The presiding judge in the murder trial of Derek Chauvin, the former Minneapolis cop captured on video kneeling on George Floyd’s neck until he died last year, has ruled that only one of the victim’s family members can attend the trial proceedings.
The trial for Chauvin, who is facing charges of second-degree murder and third-degree manslaughter, is expected to begin Monday reports NBC.
In his order outlining the schedule and other procedures for the trial, Hennepin County Judge Peter Cahill specified that the families of both Chauvin and Floyd will be restricted to having one member at a time in the courtroom. He added that the family members can be rotated out as long as they have the appropriate credentials to do so. Other rules outlined by the judge include a requirement for court attendees to maintain 6-feet of social distancing and wear masks during the trial.
Still, the stipulation on how many people can attend the trial at a time will likely have an especially rough impact on the family of Floyd—who had to contend with seeing the 46-year-old’s final moments, gasping for breath while under the knee of Chauvin for more than eight minutes, playing out in a viral video. Sitting alone in the courtroom as details of his death are further probed cannot be an easy endeavor.
In a statement responding to the judge’s order, Ben Crump, an attorney representing the Floyd family, said, “After a deeply painful and emotional year, the Floyd family is understandably disappointed by this ruling.
“The family is looking forward to the start of the Derek Chauvin trial as a critical milestone on the path to justice and a step toward closure in this dark chapter of their lives,” Crump added.
Chauvin’s attorneys have not made a comment on the order, but the former police officer’s family has been notably silent since his name became nationally known—outside of his ex-wife who shared that her sympathy lies with the Floyd family, when she filed for divorce from Chauvin after he was charged in Floyd’s killing last year.
Meanwhile, more stories about Chauvin’s alleged eagerness to use force against non-white members of the public are emerging ahead of his trial.
Zaya Code, a 38-year-old Black woman who is listed as a prospective witness in the trial, told the Marshall Project that in 2017, Chauvin knelt on her neck while she was restrained on the ground.
Chauvin and another police officer had apprehended her while responding to a call about a fight between her and her mother.
From the Marshall Project:
In the prosecutors’ description of the arrest, based on Chauvin’s report and body-camera video, Chauvin told Code she was under arrest and grabbed her arm. When she pulled away, he pulled her to the ground face first and knelt on her. The two officers then picked her up and carried her outside the house, face down. There, prosecutors said, Chauvin knelt on the back of the handcuffed woman “even though she was offering no physical resistance at all.”
Code, in an interview, said she began pleading: “Don’t kill me.”
At that point, according to the prosecutors’ account, Chauvin told his partner to restrain Code’s ankles as well, though she “was not being physically aggressive.” As he tied her, she said, she told the other officer, “You’re learning from an animal. That man—that’s evilness right there.”
Cahill has allowed prosecutors to present Code’s brutal arrest—which they say depict Chauvin’s history of unreasonable use of force—at the trial, but there are other similar stories from people of color which have not been allowed to be admitted as evidence.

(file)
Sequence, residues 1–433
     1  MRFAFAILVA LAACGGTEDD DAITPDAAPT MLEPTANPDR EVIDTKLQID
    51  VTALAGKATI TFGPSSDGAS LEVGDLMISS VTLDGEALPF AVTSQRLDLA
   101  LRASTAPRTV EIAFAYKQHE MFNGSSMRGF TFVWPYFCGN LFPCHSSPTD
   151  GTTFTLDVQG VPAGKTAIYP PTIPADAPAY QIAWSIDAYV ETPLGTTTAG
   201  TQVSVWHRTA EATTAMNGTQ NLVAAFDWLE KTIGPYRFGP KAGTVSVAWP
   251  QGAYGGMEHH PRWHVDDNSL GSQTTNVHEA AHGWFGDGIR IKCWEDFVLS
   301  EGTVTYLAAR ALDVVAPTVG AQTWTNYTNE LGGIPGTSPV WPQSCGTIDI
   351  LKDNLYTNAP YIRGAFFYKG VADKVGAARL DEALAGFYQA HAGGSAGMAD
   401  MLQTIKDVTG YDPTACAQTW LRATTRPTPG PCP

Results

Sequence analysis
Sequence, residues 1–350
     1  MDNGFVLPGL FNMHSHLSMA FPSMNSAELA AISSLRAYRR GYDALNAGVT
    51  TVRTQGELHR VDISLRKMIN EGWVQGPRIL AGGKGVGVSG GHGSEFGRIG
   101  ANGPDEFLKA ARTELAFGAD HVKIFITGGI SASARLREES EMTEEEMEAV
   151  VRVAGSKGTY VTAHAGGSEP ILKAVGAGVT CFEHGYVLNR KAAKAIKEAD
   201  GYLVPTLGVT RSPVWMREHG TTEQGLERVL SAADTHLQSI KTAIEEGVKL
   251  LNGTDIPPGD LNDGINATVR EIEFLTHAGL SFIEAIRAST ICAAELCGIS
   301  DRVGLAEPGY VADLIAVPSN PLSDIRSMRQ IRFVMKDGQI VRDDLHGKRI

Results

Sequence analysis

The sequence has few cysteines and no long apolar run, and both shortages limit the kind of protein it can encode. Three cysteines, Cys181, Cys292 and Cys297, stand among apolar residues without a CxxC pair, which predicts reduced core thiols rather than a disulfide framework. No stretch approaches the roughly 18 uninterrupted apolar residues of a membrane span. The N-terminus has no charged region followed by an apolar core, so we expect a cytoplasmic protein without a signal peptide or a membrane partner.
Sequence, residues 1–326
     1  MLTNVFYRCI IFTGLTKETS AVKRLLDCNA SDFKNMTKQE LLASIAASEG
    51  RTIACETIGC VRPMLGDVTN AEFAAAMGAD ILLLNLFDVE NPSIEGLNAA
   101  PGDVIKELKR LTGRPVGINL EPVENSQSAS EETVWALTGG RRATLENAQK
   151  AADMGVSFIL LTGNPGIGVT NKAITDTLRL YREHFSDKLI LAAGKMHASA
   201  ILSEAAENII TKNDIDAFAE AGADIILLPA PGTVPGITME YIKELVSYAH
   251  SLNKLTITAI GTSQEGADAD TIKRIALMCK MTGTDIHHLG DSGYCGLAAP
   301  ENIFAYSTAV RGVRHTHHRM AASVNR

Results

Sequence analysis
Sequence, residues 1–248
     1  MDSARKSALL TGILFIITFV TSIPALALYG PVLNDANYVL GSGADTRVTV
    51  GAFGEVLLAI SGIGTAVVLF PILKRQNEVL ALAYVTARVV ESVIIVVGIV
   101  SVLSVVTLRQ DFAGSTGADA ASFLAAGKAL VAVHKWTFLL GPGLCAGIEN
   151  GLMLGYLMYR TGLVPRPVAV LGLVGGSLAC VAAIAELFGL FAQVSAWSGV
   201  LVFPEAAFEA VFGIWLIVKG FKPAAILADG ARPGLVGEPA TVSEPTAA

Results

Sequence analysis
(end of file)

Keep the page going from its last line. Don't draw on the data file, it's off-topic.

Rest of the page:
A Black man, Jimmy Bostic, told the Marshall Project he was arrested by Chauvin outside a food and crafts market in Minneapolis in 2016, after security guards there told him to leave.
“The next thing I felt was arms just wrapped around my neck,” Bostic said, describing how the cop subdued him. “I started telling him, ‘Let go, I’m having trouble breathing. I have asthma. I can’t breathe.’”
In the arrest report for that incident, Chauvin wrote that he secured Bostic’s “neck/head area” with his hands.
Prosecutors also tried to include the case of Julian Hernandez, who said Chauvin arrested him at El Nuevo Nightclub in 2015 while he was trying to leave the venue.
From the Marshall Project again:
Chauvin’s report said that Hernandez tried to turn around as he was preparing to handcuff him, so he pushed him away “by applying pressure toward his Lingual Artery” at the top of the neck.Hernandez said the officer told him “you just need to leave,” and he remembered thinking that he was trying to leave but was not being allowed to do so. As Chauvin pushed him into a wall and grabbed him by the throat, Hernandez recalled thinking, “You’re choking me.”
In another incident, a witness reported seeing Chauvin pepper spray a man in the face after he refused police requests to take his hand out of his pocket. According to body camera footage obtained by prosecutors and the witness’ statements, Chauvin then restrained the man’s neck and pinned him face down in a puddle of water for minutes at a time while kneeling on his lower back.
“He said, ‘I can’t breathe—can I just put my head up?’” said the witness. “And they just held his face in the water, and I couldn’t see a purpose for that.”
Chauvin had at least 22 complaints or internal investigations in his 19 years with the Minneapolis Police Department but was disciplined for only one, according to the New York Times.
Prosecutors were however allowed to include one other case involving Chauvin in the upcoming trial—one in which he placed a suicidal man, who was restrained, on his side so he could breathe. The idea is to show that Chauvin knew how to use reasonable force when restraining people but did not take similar lifesaving measures with Floyd.